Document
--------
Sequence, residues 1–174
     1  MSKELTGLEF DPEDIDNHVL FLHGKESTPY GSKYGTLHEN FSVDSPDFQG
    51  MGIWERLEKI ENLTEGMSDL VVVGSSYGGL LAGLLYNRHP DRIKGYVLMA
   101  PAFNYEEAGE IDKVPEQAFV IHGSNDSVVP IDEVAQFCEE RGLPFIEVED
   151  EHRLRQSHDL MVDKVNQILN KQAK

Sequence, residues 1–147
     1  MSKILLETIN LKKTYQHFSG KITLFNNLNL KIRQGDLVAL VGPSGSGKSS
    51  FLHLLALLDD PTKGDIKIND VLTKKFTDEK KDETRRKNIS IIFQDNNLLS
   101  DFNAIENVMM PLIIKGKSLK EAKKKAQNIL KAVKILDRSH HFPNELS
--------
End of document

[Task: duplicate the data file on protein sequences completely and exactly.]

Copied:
Sequence, residues 1–174
     1  MSKELTGLEF DPEDIDNHVL FLHGKESTPY GSKYGTLHEN FSVDSPDFQG
    51  MGIWERLEKI ENLTEGMSDL VVVGSSYGGL LAGLLYNRHP DRIKGYVLMA
   101  PAFNYEEAGE IDKVPEQAFV IHGSNDSVVP IDEVAQFCEE RGLPFIEVED
   151  EHRLRQSHDL MVDKVNQILN KQAK

Sequence, residues 1–147
     1  MSKILLETIN LKKTYQHFSG KITLFNNLNL KIRQGDLVAL VGPSGSGKSS
    51  FLHLLALLDD PTKGDIKIND VLTKKFTDEK KDETRRKNIS IIFQDNNLLS
   101  DFNAIENVMM PLIIKGKSLK EAKKKAQNIL KAVKILDRSH HFPNELS